The sweet potato is the 7th most popular crop on Earth, and no wonder! Delicious, versatile, healthy and filling; sweet potatoes have been a staple of many cultures for millennia. Scientists have even tracked the spread of the sweet potato and observed that the vegetable was transmitted from the Andes to Polynesia about 400 years before Columbus came to the Americas. There is other evidence to the theory that the Polynesians and the Native South Americans had contact with one another, such as the Polynesian DNA found in skulls from Brazil.
After being taken to Spain in about 1500, the sweet potato was widely cultivated and spread throughout Europe all the way to Japan, where it is the 3rd most important crop. The word potato actually comes from the sweet potato–the Spanish Royal Academy says the Spanish word for potato is “patata,” conflating Taino “batata” and the Quecha’s “papa.” The “sweet” of the sweet potato was added later to differentiate between that and the Irish or white potato.
The sweet potato grows well in the tropics and subtropics, thriving in a hot and moist climate. The sweet potato, or Ipomoea batatas, is part of the morning glory family, and thus is not a Yam, which is an entirely different plant species altogether.
Why is this tuber so popular? One sweet potato supplies over 100% of the RDA for Vitamin A, has 0g fat, 0 mg cholesterol, 20 mg Vitamin C, 38g Calcium, and 11,552 mcg Carotenoids. Not to mention, sweet potatoes also have great fiber content, in the skin of the potato as well as the inside, which helps manage weight. According to The Harvard School of Public Health, most people aren’t getting the 20-35g of fiber needed per day, and one cup of sweet potatoes has 6.6 grams of fiber, which really adds up! The sweet potato also produces “more edible energy per hectare per day than wheat, rice, or cassava,” which is cool on a global scale–we could (can) feed the entire human population with plants!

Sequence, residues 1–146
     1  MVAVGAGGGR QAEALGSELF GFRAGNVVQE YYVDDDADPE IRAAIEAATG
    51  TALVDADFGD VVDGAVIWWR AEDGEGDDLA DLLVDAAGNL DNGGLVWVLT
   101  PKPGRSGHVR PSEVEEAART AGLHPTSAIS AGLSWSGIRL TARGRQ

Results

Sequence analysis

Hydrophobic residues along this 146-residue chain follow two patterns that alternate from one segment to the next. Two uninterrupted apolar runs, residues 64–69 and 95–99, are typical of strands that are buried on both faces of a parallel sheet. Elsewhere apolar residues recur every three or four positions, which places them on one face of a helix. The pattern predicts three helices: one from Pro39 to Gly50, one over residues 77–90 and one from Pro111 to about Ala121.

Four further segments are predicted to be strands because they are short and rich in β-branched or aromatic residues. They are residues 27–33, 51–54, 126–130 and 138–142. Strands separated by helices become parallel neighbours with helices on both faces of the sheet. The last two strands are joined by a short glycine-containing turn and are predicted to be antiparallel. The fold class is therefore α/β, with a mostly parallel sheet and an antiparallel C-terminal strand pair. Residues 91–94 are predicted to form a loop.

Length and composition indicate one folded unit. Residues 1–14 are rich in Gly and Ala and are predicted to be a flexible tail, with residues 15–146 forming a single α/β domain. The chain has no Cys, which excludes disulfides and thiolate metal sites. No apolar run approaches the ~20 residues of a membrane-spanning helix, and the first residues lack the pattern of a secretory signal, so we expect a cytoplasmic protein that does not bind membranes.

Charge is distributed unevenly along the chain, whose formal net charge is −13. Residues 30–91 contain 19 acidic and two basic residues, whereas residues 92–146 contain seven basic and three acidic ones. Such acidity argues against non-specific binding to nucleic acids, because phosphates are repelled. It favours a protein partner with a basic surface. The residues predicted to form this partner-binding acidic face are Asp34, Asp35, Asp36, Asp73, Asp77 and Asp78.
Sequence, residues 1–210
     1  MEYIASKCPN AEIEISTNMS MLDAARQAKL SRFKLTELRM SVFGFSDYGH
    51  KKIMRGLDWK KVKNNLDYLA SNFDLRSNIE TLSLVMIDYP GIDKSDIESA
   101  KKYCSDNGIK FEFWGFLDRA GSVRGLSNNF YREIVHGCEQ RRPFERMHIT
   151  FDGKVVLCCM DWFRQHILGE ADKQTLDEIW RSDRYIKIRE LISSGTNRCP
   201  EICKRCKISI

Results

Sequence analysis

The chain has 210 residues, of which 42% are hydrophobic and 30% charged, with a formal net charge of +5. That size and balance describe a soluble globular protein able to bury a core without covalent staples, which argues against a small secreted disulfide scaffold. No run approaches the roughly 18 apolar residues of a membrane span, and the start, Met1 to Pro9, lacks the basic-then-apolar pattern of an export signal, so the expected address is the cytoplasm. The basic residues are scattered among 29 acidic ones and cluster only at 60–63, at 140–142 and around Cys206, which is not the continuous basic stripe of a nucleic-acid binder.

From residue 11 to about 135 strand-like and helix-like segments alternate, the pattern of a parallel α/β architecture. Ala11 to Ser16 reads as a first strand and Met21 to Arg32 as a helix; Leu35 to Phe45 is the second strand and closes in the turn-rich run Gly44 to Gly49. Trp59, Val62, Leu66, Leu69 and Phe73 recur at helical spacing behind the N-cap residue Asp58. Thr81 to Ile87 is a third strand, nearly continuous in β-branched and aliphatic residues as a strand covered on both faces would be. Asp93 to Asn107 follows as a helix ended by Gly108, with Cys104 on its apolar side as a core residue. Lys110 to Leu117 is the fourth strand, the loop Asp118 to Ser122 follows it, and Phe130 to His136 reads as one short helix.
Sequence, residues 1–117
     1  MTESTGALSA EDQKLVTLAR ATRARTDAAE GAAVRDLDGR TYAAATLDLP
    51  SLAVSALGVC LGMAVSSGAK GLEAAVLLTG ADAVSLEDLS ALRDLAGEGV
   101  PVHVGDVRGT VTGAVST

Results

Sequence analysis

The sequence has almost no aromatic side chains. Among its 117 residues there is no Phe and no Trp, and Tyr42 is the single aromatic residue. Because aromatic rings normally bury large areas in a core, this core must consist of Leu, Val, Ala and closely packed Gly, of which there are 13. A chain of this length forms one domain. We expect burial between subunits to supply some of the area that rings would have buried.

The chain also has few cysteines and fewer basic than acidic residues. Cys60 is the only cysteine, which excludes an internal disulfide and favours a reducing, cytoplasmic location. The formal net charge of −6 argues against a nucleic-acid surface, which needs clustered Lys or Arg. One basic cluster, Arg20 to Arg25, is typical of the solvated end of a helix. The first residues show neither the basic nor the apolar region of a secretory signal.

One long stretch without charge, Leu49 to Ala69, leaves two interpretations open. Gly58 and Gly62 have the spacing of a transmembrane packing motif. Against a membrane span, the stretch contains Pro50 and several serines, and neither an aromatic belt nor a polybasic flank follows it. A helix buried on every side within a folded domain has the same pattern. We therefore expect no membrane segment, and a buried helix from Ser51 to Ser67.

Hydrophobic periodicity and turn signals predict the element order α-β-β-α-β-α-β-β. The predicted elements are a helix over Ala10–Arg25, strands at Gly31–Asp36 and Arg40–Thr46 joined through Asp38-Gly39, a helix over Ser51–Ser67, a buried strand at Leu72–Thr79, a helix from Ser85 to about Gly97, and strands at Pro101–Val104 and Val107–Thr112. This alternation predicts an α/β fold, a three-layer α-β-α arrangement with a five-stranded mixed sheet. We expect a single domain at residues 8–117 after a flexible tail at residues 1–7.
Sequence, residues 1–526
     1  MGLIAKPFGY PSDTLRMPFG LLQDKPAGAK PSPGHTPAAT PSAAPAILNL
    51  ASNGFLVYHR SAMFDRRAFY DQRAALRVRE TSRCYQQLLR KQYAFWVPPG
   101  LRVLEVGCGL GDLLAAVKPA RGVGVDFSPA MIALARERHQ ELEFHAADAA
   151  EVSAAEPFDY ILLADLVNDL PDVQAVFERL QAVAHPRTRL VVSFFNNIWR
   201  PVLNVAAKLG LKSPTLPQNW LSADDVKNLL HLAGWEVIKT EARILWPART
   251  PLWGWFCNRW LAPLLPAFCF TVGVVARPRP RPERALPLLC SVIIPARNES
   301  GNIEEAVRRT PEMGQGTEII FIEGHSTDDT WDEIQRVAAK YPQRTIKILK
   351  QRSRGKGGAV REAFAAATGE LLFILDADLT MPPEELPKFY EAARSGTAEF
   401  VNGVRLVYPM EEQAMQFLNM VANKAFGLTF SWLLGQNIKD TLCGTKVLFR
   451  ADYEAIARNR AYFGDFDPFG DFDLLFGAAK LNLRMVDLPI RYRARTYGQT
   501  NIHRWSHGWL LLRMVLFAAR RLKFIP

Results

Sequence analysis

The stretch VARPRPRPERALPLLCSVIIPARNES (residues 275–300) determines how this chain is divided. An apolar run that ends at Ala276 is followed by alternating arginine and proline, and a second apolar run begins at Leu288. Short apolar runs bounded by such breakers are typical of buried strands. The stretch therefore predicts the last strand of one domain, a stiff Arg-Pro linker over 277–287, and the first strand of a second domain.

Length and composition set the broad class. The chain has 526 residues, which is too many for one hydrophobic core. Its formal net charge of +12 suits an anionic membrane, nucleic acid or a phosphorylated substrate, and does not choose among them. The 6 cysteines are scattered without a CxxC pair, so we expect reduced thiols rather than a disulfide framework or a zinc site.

In Ethiopia, where it is estimated over half of all children die before the age of five, and 42% of children under five are underweight, there is a sustainable food project having much success with crops like the sweet potato.
Ethiopian Wat with Wild Rice ( inspired by this recipe)
Berbere Spice Mix (you only need 1tbsp of this in the recipe, or to taste):
4 1/2 tsp red chili flakes
1 tsp fenugreek powder
1 tsp sea salt
1/2 tsp cinnamon
1/2 tsp allspice
1 tsp ground coriander
1/4 tsp ground clove
1 tsp black pepper
2 Sweet Potatoes
1 Red Onion
3 Cloves Garlic
1 Tbsp grated Ginger
1c Dry Red Lentils
1 Tbsp Berbere spice Mix
1 heaping cup chopped Kale
1 Liter low sodium Vegetable Broth
Salt, to taste (I used 2 pinches)
Juice of 1- 1 and 1/3 Lemon
1. Chop onion and sautee in water in large sauce pan until the onion becomes translucent. Add more water when needed.
2. Add ginger and garlic, sautee for about another minute or so before adding: berbere spice, sweet potatoes, tomato, cabbage, peas (sautee for a minute or so), salt, veggie stock, and lentils.
3. Bring to boil, and then simmer with the lid on for 20-25 minutes, or until the potatoes and lentils are soft.
4. Add lemon juice, cilantro, and kale and take off heat. Let cool, and serve over wild rice (or eat by itself, it’s good!) with cilantro and some more lemon juice squeezed on top if you desire. This is traditionally served with Injera Flatbread.
Also by Jessica: 10 Tips for New Vegans
Photo: Jessica Ferguson